Growing up I spent most of my time in the little red church. Not because we were extremely religious or anything. I mean, Mom sang in the choir and every Sunday morning I had to put on a dress and my hair in a bow and tried to sit still for an hour and fifteen minutes—but it wasn’t just that. My parents are the type of people who always have something to do—and are often distracted by whims which means they forget to be as responsible as they should be. That was the reason that on their fifth wedding anniversary, they already had five children under five, and Mom was already pregnant with one more. But I digress.
Even with so many children to pack up and cart away every time they left the house, my parents didn’t like to spend extended time at the house if they could help it. Every night, there was some event to go to, sometimes more than one back to back, and most held in the “fellowship hall” of the Presbyterian church, affectionately known to the whole town as “The Little Red Church.” Somethings we got to attend, children’s choir; Boy, Girl, and Adventure Scouts meetings; tutoring sessions and ‘get ahead’ classes. Some were just for the parents—Bible studies and book clubs and craft classes and a slew of other things that would have gone well over our collective young heads. These days we spent our time in the “play room” with all the other children whose parents didn’t want to spend a quiet night at home, and two bored teenagers who were paid $8 an hour to make sure we didn’t break anything—including each other. Those were some of my favorite days.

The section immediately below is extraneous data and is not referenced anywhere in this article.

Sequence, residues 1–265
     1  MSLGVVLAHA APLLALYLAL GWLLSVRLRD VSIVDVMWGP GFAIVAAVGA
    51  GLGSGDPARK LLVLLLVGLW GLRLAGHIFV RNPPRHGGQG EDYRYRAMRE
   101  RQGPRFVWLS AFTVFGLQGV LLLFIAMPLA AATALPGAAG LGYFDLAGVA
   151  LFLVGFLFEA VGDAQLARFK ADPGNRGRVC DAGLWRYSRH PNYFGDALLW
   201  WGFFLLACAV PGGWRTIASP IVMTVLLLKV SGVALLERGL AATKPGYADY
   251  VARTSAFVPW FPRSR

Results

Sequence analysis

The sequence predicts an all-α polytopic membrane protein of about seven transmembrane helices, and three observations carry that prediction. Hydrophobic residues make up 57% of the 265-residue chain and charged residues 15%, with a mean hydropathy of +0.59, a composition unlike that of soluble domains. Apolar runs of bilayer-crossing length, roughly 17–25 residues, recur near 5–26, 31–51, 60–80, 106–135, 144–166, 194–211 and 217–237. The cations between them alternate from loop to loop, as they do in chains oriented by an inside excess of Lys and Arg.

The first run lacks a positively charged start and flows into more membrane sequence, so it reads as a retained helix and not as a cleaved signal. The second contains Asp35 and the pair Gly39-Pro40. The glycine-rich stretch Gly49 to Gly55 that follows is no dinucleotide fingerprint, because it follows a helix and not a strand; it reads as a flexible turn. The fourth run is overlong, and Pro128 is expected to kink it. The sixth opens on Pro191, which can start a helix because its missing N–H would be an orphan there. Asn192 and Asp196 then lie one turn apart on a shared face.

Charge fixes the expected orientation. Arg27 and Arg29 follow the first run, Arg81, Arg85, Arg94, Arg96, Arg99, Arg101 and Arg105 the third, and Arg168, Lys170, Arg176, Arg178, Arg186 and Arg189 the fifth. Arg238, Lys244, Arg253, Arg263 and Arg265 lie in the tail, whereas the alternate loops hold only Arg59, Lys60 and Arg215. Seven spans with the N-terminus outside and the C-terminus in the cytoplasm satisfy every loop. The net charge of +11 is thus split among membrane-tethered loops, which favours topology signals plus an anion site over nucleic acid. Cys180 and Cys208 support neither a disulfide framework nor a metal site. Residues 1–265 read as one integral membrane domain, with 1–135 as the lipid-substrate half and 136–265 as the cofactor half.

In that play room, with the mural of small forest animals painted on one wall and the toys that were always missing at least one piece, I learned more than I could in years of schooling. I was introduced to my first taste of social politics, as seven families’ worth of kids tried to figure out how to play in the same place. I learned the power of family and numbers, as my five siblings and I quickly learned that if we presented ourselves as a united force, we were intimidating to face and even harder to beat. I saw my first taste of heartbreak as eighteen children played with hushed voices while one teenage girl cried and the other tried to comfort her and explain what “broken up” meant to children brash enough to ask what was happening. I learned the effect of alcohol as my mother returned from the church banquet pink in the cheeks and leaning on my father’s arm a little heavily. I also learned my first social faux pa as my father answered what was wrong with Mom by saying “a little too much wine” and I replied loud enough for everyone to hear “Isn’t a little too much wine what led to Natalie?” and was quickly ushered towards the car by an embarrassed father and a giggling mother. I earned my first taste of responsibility when the church said I was old enough to help watching “The Children” now at a whopping $8.50 an hour, and I spent all my first paycheck on CDs that I barely listened to. I even practiced my algebra as I figured out how many hours I was going to have to work in order to afford tickets to a concert in May.
So, when you ask me where is home, I don’t think of my house. My first thought is of that little room in the little red church on the hill.